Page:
Lili Elbe was born on December 28 1882. Designated male at birth, she later became one of the first people to undergo gender confirmation surgery. Before her death in 1931, Lili asked a friend to edit her diaries and notes into a biography, later published as Man Into Woman: An Authentic Record of a Change of Sex.
(The book and subsequent movie The Danish Girl was a fictionalised account of Lili’s life.)
Published in 1933, Man Into Woman caused a sensation. Despite the use of pseudonyms, the identities of the lead characters were never a secret. A friend leaked the story of Lili’s surgery to the media in 1931.
The Californian newspaper devoted an entire page to the book.
“In the fall of 1931, there died in the Women’s Hospital in Dresden, Germany, a person named Lili Elbe. Her death passed unnoticed by the press of the world.
“But back of it there lay one of the most astounding stories in modern history – the record of a medical case which is almost beyond belief! It is, briefly, the story of a person who was changed from a man into a woman.”
Lili Elbe and Gerda Gottlieb
Lili Elbe met Gerda Gottlieb at Copenhagen’s Royal Danish Academy of Fine Arts. They married in 1904 and enjoyed successful careers, Lili painting landscapes and Gerda working as an illustrator.
Lili’s transition began after an incident she related in Man Into Woman. (This article uses actual names rather than the book’s aliases.)
Gerda had booked actress Anna Larssen to sit for a painting. But when Anna couldn’t make it, she suggested that Lili pose instead.
“Cannot [Lili] pose as a model for the lower part of the picture? [Her] legs and feet are as pretty as mine.”
Lili wrote that Gerda laughed.
“Once when [she] was painting a picture of a woman, I had come to her assistance with my legs. ‘You really have pretty woman’s legs’, Gerda had said to me jokingly.”
At first, Lili refused. But Gerda “chaffed me, abused me, implored me, petted me, and a few minutes later, I was standing in the studio in costume and high-heeled shoes. We both laughed as though it were a great joke. And to make the disguise complete, [Gerda] fetched out a carnival wig, a fair, very curly wig. Then she attacked me with rouge and powder.
“When all was ready, we could scarcely believe our eyes. I turned around and stared at myself in a mirror, again and again, trying to recognize myself. Was it really possible, I asked myself, that I could be so good-looking? [Gerda] clapped her hands delightedly. ‘You look just as if you had never worn anything but women’s clothes in your life.’
“And I cannot deny, strange though it may sound, that I enjoyed myself in this disguise. I liked the feel of soft women’s clothing. I felt at home in them from the first moment.”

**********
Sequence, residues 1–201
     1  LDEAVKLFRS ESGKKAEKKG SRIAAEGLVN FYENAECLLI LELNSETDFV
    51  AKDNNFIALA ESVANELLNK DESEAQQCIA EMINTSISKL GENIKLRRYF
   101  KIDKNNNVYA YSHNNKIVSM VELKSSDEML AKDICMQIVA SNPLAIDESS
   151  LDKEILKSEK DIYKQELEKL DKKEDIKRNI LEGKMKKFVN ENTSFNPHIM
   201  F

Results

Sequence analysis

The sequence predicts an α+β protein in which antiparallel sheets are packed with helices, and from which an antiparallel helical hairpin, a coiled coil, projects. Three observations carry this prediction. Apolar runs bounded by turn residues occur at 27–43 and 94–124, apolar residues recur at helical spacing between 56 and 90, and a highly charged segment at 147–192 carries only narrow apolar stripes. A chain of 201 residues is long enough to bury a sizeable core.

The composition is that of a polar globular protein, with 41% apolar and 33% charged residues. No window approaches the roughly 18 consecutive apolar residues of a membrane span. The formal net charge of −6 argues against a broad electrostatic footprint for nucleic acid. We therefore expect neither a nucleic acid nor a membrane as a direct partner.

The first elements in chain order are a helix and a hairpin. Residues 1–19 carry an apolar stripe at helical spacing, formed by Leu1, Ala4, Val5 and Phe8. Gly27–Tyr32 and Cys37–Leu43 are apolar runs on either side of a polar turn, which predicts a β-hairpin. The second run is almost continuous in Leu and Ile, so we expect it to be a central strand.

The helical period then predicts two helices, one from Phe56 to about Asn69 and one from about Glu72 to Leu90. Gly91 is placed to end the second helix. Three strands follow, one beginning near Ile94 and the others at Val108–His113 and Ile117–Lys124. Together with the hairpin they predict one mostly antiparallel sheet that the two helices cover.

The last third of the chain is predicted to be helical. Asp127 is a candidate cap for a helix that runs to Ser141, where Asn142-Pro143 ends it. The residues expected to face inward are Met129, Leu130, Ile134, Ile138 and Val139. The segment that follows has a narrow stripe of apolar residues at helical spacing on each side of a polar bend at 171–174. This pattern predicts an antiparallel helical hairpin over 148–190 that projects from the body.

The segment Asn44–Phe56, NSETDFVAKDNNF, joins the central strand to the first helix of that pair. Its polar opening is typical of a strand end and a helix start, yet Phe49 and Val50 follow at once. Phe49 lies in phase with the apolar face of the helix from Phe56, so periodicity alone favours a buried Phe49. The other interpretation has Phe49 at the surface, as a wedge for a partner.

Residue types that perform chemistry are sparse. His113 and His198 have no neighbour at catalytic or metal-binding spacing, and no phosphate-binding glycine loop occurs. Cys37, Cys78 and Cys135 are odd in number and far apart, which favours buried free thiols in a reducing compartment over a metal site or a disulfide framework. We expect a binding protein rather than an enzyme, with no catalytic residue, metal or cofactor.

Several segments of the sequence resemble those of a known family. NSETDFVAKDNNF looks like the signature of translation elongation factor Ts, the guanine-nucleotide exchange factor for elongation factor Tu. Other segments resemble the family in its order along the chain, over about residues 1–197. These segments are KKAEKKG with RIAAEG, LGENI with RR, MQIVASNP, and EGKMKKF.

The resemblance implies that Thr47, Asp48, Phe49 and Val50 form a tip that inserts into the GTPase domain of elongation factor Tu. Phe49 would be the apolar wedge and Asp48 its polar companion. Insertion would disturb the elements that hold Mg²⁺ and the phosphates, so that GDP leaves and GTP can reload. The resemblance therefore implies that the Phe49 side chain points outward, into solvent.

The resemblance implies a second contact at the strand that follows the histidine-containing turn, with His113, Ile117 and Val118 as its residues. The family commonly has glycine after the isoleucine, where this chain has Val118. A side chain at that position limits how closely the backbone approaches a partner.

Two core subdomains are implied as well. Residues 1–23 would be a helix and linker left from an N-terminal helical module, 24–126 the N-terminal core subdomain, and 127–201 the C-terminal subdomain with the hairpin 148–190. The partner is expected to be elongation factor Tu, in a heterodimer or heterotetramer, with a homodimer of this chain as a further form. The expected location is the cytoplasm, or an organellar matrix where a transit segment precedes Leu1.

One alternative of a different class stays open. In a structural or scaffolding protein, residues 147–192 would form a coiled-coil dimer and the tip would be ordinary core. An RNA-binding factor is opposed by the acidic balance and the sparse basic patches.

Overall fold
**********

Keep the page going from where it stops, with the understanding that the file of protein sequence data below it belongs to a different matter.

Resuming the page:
Over the following years, Lili dressed in women’s clothing more and more. She became an actual person in the pair’s relationship. A person regarded as a separate identity to her other role – that of Gerda’s husband. One day, Lili confided that she could no longer live without her female identity.
“[Gerda] interrupted me to say that she had very often thought exactly the same. She sobbed: ‘Sometimes I wonder what life would be without her.'”
Lili began to suffer illness and depression when dressed as a man. However, the complaints evaporated when she put on a dress. The pair consulted doctors.
“Some to whom [she] went thought [her] neurotic, some homosexual.
“Gradually, the female personality, Lili, took on such importance that, unless the male self could be made to give place to Lili, [she] could not go on living.”
Lili gave herself a year to either find a doctor who could help or give up on life.
Finally, she contacted a German doctor and went to Dresden for still experimental reassignment surgery. She underwent a series of operations over a nearly two-year period.
Afterwards, Danish authorities annulled Gerda and Lili’s marriage, changed Lili’s name and issued a new passport.
Lili began a relationship with a Copenhagen art dealer. Wanting to marry him and bear his children, she underwent a further operation to transplant a uterus. However, her body rejected the transplant. She died of cardiac arrest three months after the surgery.
‘I shall have known what is to live.”
She wrote to a friend a few months before about the possibility of death.
“I, Lili, am vital and have a right to life I have proved by living for fourteen months. [People might say] that fourteen months is not much. But seems to me a whole and happy human life. The price seems very small.
“If sooner or later I should succumb physically, I am quite reconciled. I shall at least have known what it is to live.”
Read more: December 27 <— On this day —> December 29
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